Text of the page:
The owner of the New York Stock Exchange has made a takeover offer for
Inc. that could value the sprawling online marketplace at more than $30 billion, according to people familiar with the matter.
Inc., known as ICE, has approached eBay in the past and did so again recently, the people said. The companies aren’t currently in formal talks, and there is no guarantee eBay would agree to a deal.
Should there be one, it would be big, given eBay’s market value of more than $28 billion and the premium ICE would likely have to pay.
ICE issued a statement late Tuesday confirming its interest in a deal after The Wall Street Journal reported on it earlier in the day and the company’s shares sank.
“ICE approached eBay to explore a range of potential opportunities that might create value for the shareholders of both companies,” it said. “EBay has not engaged in a meaningful way.”
It added: “Over ICE’s 20-year history, the company’s track record of creating shareholder value, both through organic growth and acquisitions, speaks for itself. ICE does look to explore potential opportunities that it expects will deliver enhanced shareholder value, and will continue to do so in the future.”
ICE is primarily interested in owning eBay’s core marketplace business, the people said, and not its classified unit, which eBay has been considering selling. The classified unit could fetch about $10 billion in a sale, people familiar with the matter have said.
ICE may see an opening to apply its technological expertise connecting buyers and sellers to eBay’s core e-commerce site, covering everything from electronics to collectibles.
Buying eBay would be a surprising strategic move for ICE, and its shareholders didn’t welcome the news. ICE closed down 7.5% while eBay’s stock soared, closing up 8.8%.
EBay was a pioneer in e-commerce but has struggled to keep up with competitors such as
The company has sought to distance itself from its reputation as an online auction house—as opposed to an electronic marketplace—as online auctions have fallen out of vogue.
As the luster it enjoyed in the dot-com era has worn off, eBay has attracted the attention of multiple activist investors in recent years including
who pushed for its 2015 spinoff of the payment platform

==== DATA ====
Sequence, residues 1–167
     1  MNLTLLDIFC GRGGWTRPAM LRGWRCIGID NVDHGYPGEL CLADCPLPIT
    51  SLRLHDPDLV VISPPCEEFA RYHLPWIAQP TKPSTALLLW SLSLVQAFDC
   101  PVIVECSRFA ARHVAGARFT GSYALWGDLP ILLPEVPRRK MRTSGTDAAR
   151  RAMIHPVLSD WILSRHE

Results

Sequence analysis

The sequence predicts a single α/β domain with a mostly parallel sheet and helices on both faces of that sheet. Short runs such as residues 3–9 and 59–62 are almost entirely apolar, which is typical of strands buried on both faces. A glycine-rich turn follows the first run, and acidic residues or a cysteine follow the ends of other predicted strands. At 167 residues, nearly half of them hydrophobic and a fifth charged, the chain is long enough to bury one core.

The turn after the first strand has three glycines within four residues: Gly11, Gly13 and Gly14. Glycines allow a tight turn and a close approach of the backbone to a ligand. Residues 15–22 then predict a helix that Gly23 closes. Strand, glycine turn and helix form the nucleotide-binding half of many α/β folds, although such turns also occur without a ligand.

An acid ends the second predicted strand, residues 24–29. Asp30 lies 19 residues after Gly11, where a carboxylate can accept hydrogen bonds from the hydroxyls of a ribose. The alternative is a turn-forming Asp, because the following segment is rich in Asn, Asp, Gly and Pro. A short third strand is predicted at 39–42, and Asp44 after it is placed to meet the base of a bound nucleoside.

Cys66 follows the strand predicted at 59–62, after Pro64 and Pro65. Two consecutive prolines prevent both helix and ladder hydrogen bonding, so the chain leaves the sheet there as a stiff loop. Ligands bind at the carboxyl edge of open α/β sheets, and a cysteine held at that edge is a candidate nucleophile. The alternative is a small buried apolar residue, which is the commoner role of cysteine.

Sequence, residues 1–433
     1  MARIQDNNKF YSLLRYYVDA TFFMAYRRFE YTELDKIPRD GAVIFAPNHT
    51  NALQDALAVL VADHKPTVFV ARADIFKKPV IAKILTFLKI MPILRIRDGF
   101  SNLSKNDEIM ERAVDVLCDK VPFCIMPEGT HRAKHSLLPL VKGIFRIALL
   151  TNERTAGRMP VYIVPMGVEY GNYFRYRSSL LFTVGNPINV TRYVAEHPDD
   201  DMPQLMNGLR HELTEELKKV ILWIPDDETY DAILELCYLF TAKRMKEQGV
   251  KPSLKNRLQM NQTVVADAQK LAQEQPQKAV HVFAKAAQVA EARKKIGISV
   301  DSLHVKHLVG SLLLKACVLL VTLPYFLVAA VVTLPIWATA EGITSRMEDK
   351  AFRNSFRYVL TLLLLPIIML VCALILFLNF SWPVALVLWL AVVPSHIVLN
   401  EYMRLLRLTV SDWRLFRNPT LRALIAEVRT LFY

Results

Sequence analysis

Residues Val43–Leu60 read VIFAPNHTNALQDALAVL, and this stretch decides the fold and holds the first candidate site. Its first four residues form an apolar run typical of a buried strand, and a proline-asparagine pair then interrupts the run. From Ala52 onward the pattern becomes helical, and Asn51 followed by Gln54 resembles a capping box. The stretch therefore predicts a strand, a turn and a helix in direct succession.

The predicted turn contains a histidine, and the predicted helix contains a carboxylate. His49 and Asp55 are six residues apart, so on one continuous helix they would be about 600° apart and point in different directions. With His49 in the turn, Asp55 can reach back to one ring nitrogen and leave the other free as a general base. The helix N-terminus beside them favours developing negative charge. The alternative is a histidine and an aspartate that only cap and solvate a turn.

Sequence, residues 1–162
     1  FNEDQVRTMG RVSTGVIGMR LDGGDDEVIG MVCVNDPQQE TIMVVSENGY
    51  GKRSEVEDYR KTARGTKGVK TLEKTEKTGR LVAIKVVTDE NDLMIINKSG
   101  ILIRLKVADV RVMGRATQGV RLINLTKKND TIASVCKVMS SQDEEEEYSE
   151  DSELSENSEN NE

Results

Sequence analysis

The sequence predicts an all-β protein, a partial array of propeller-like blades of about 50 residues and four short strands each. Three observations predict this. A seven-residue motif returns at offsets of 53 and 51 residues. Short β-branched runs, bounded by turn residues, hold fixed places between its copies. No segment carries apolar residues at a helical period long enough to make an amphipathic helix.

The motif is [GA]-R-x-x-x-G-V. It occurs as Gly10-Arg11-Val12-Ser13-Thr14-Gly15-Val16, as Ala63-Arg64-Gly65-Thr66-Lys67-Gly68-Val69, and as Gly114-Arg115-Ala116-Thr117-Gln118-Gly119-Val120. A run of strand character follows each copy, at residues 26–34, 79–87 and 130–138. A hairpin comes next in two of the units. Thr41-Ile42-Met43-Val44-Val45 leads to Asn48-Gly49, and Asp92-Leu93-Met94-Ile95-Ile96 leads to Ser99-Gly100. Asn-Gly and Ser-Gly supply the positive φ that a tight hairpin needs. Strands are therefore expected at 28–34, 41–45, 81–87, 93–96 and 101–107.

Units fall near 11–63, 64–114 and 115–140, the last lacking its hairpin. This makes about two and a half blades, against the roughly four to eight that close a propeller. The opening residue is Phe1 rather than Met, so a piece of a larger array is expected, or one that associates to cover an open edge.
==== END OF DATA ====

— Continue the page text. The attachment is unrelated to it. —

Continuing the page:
PayPal Holdings Inc.
About a year ago, the activist hedge funds Elliott Management Corp. and Starboard Value LP urged eBay to consider selling both its StubHub ticketing and classified-ads businesses.
The company has been without a permanent chief executive since
left in September, citing clashes with the board. Unfilled executive ranks are often seen as opportunities for suitors to pounce.
“In the past few weeks it became clear that I was not on the same page as my new board,” Mr. Wenig tweeted from his personal account following his resignation. “Whenever that happens, its best for everyone to turn that page over.”
EBay reported last week a declining profit in its latest quarter and gave a weaker-than-expected first-quarter revenue outlook.
Its shares lost 4.5% the following day and closed Monday at $34.39.
On its earnings call, when asked by an analyst if eBay’s core business is part of the company’s strategic review, interim Chief Financial Officer
said, “Everything is part of it.”
On Tuesday, Starboard published another letter to eBay management, saying the company hasn’t made enough progress and called on it to commit to a separation of its classifieds business.
ICE is best known for operating the NYSE as well as futures exchanges around the world. Chief Executive
founded the company in 2000 and has turned it into a global exchange empire by acquiring stock and futures markets including the London-based International Petroleum Exchange in 2001 and the Chicago Stock Exchange in 2018.
ICE also runs a number of financial-data businesses and clearinghouses for derivatives trades.
Acquiring eBay would be an unusual move for Atlanta-based ICE, which in its 20-year history has largely stuck to running marketplaces for financial instruments such as stocks and derivatives, rather than the sorts of consumer goods sold on San Jose, Calif.-based eBay’s platform.
Still, ICE has a history of buying underperforming trading platforms and making them more profitable. Since closing its acquisition of the NYSE in 2013, it has slashed the Big Board’s expenses, revamped its outdated trading systems and spent tens of millions of dollars on renovating the exchange’s historic building in Manhattan to make it a splashier place to stage initial public offerings.
ICE’s interest in eBay comes as the traditional way that exchange groups have grown—through cross-border takeovers of rival market operators—has become tougher because of the increasing consolidation of the business and regulatory obstacles.
In 2016, ICE explored an offer for
PLC, but retreated, allowing
to pursue a bid for the LSE that was ultimately scuttled by European Union regulators. In 2017, ICE was forced to unwind its acquisition of Trayport, a European energy-trading platform, after opposition from U.K. antitrust authorities.
—Alexander Osipovich contributed to this article.
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